Director, UK Public Sector, Amazon Web Services
The world has changed faster in the last few months than any of us could ever have imagined. And as part of this, we have seen a massive shift in the way public sector organisations are delivering citizen services.
We’ve seen emergency hospitals set up, staff enabled to work from home and critical new services rolled out at high speed. Even the Prime Minister has been running Cabinet meetings via video conferencing.
It’s ironic that social distancing has actually brought us closer together in some aspects. The collective focus and greater agility have seen long-standing walls between teams, divisions and organisations dismantled in a matter of days (and in some cases, overnight) to allow for greater cross-agency collaboration.
Cloud enabled innovation
One benefit of the cloud is that it enables customers to very quickly develop and roll out new applications, which means teams can experiment and innovate without having to worry about the significant financial risks incurred when using traditional IT with its attendant high capital cost.
For example, the COVID-19 outbreak has been accompanied by an overabundance of information that makes it hard for people to find trustworthy sources and reliable guidance when they need it.
Private companies running on the cloud are nearly three times as likely to increase their revenue by 5% or more, per year, as those that are not.
A new project, led by Imperial College London and enabled by AWS, is responding to this ‘infodemic’ by enabling the healthcare community to quickly make sense of this tidal wave and find better treatments for COVID-19 and other diseases. Using AWS’ machine learning services, the project is able to analyse vast amounts of information in real-time and quickly extract the most important insights, saving the tens of thousands of hours that would traditionally have been required for manual research. Over half a million sources are being analysed to find the best available evidence for better patient treatments at a speed that would not have been possible with conventional approaches.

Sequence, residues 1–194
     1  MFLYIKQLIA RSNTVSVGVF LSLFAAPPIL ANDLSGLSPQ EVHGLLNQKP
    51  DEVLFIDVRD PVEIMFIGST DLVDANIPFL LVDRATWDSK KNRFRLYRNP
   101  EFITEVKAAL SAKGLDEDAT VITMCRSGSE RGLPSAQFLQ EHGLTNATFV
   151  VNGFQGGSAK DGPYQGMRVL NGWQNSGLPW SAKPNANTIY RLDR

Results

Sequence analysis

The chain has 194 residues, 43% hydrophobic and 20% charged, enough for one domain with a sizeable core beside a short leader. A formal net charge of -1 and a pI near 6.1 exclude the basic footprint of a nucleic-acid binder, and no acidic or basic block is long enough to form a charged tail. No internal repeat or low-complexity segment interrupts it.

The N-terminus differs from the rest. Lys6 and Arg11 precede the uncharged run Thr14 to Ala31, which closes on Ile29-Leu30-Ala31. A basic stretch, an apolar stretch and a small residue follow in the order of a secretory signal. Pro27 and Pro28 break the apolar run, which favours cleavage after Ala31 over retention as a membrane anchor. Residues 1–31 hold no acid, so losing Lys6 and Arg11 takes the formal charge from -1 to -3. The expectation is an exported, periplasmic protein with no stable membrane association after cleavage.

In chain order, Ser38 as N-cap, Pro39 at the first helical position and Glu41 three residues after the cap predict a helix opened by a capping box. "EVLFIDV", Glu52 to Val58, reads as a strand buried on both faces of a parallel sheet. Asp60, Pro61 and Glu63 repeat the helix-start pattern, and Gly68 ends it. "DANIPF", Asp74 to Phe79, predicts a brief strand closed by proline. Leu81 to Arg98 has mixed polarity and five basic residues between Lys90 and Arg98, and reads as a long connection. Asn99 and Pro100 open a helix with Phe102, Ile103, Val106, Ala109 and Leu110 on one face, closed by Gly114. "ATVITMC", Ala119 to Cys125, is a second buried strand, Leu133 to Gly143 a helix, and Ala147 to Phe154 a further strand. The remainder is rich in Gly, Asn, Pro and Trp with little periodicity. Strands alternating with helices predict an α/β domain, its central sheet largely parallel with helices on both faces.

Transformation to tackle challenges
The London Borough of Waltham Forest is another example of the digital transformation that has been accelerated by the pandemic.
The borough was using on-premises call centres when COVID-19 hit, and experienced an immediate increase in call volume from citizens. It would have taken weeks for their existing provider to deliver a solution to meet the additional capacity required to meet demand, and they had to act quickly to respond to the needs of their local community.
Working with the borough and AWS Partner, VoiceFoundry, we rolled out Amazon Connect, a cloud-based contact centre that is scalable, simple to deploy, and easy to manage. It took just a few days to get up and running and enabled the council to scale quickly and easily to meet citizen demand. The Borough was able to operate this service seven days a week – up from five – handling more than 3,000 calls a day. The new solution has also enabled the council to retrain and reallocate staff quickly to support demand – all while ensuring staff safety by enabling them to work remotely.
Public and private benefits
COVID-19 has pushed the public sector to embrace technology to better meet citizens’ needs right across the UK. Research published mid-September showed that 70% of companies using AWS to sell into the public sector said that their business or operating model would not be possible without cloud platforms. And it’s not just the public sector that is benefiting from this digital transformation – private companies running on the cloud are nearly three times as likely to increase their revenue by 5% or more, per year, as those that are not. The environment benefits too; for example, moving a company’s IT workload to AWS reduces its carbon footprint by 88%, while in total, UK customers of AWS have saved over 200,000 tonnes of CO2 emissions a year, the equivalent of planting an extra 400 million trees.
Together, we can create lasting change in this era of digital transformation. All of us in this ecosystem – whether service providers, partners, small businesses or public sector organisations – must help turn this better way of working into the new normal.